Republican Presidential Candidates Marco Rubio (L) and Donald Trump spar during the Republican Presidential Debate in Detroit, Michigan on Thursday.
Republican Presidential Candidates Marco Rubio (L) and Donald Trump spar during the Republican Presidential Debate in Detroit, Michigan on Thursday. - 

Last night’s GOP debate was filled with whacks at Donald Trump, including a mention of his failed training program Trump University and it’s D- (or is A+?) rating from the Better Business Bureau. There was even a kerfuffle over whether or not the BBB faxed over a copy of the program’s A rating during the debate. For its part, the BBB said it did not, and Trump University — since renamed The Trump Entrepreneur Initiative — has had “no rating” since September 2015 because it is out of business.

The program is facing a class-action lawsuit from unhappy students who paid as much as $60,000 for courses. In a recent filing, Trump admitted to not actually handpicking instructors as advertised, The Intercept reported Friday.

All that drama aside, what exactly does a D- from the BBB mean? And how does a company end up with one? Well, the BBB wouldn’t say anything more than what it’s already disclosed to the public: “BBB ratings are dynamic and are based on an algorithm that takes into consideration a wide range of marketplace issues.”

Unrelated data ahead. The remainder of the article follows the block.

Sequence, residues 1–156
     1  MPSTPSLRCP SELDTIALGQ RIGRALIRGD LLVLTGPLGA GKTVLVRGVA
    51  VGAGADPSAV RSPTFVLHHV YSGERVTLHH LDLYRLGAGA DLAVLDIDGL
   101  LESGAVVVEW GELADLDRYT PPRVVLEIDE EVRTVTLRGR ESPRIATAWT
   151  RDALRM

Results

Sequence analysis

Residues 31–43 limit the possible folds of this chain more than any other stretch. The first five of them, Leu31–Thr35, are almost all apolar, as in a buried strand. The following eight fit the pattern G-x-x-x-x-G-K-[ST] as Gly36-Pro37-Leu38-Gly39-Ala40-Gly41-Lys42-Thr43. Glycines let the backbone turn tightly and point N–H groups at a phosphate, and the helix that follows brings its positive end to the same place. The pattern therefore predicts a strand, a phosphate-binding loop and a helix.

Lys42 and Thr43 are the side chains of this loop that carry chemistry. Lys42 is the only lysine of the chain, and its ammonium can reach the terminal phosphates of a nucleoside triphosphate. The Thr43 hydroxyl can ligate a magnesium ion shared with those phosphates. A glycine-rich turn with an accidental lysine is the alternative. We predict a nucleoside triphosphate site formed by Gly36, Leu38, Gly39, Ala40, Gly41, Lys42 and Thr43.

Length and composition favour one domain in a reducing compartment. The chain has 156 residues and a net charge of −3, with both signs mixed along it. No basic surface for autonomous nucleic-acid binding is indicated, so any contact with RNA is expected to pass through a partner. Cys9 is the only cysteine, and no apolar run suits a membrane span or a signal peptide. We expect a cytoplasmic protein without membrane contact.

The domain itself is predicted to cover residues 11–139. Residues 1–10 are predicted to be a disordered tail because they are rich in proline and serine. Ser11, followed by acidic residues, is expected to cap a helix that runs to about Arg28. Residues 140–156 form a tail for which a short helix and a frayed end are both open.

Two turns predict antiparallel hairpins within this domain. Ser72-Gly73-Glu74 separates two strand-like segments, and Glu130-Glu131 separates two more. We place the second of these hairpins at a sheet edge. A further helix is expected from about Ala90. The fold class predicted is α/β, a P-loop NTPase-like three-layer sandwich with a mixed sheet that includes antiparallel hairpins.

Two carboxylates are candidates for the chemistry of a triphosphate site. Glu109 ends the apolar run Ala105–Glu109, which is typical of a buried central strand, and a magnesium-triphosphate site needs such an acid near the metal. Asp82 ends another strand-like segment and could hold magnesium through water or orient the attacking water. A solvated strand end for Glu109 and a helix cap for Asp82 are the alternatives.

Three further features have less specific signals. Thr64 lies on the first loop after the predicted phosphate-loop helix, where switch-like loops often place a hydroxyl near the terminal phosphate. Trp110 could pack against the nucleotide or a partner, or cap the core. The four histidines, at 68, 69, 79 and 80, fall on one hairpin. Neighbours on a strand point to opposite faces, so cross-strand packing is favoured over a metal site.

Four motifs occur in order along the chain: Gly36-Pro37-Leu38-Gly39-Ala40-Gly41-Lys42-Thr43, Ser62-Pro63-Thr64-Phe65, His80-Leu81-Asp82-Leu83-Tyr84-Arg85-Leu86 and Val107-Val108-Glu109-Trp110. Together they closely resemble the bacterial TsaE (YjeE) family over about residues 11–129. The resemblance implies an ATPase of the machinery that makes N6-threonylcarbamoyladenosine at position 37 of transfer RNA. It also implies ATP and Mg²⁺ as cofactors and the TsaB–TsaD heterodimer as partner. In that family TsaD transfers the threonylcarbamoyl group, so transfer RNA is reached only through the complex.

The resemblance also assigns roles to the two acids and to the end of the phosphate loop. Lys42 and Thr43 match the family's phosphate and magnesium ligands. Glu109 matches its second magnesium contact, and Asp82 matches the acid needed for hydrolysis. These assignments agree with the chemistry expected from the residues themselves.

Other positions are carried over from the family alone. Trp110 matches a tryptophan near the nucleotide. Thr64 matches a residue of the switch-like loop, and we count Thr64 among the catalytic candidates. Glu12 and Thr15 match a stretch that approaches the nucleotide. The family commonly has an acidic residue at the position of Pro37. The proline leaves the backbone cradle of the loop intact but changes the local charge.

These include 13 different elements, including the number of complaints the BBB has received, how responsive the business is to those complaints, how long the business has been operating and if the business has had government intervention or transparency issues.  As with a traditional grade system, A+ is the highest grade a business can receive and F is the lowest. A CNN Money investigation into the BBB  last year found 100 businesses that had A- or higher grades also faced problems with government regulators, including shutdowns and lawsuits.

To be clear, the BBB is not a government entity despite its official-sounding name. It’s a nonprofit that acts as a mediator between consumers and business. These companies can also pay for a BBB accreditation (although, a lack of accreditation is not supposed to affect the grade issued). Trump University is not a BBB-accredited company.

A look at the BBB page of  The Trump Entrepreneur Initiative shows the program, which boasted real estate riches for people who took the courses, had one complaint filed with the BBB from a customer seeking a reimbursement of $40,000 for the program, citing issues with the mentorship and quality of advice given. The program wrote back that the customer was not eligible for the refund and the matter was marked “closed.” (The BBB actually published a blog in 2012 warning consumers about similar real estate programs.)

Other high-profile businesses with a poor BBB rating? Coffee retailer Starbucks, which also has a D -, for lack of response to customer complaints, and car-hailing service Uber, which has an F for the same reason.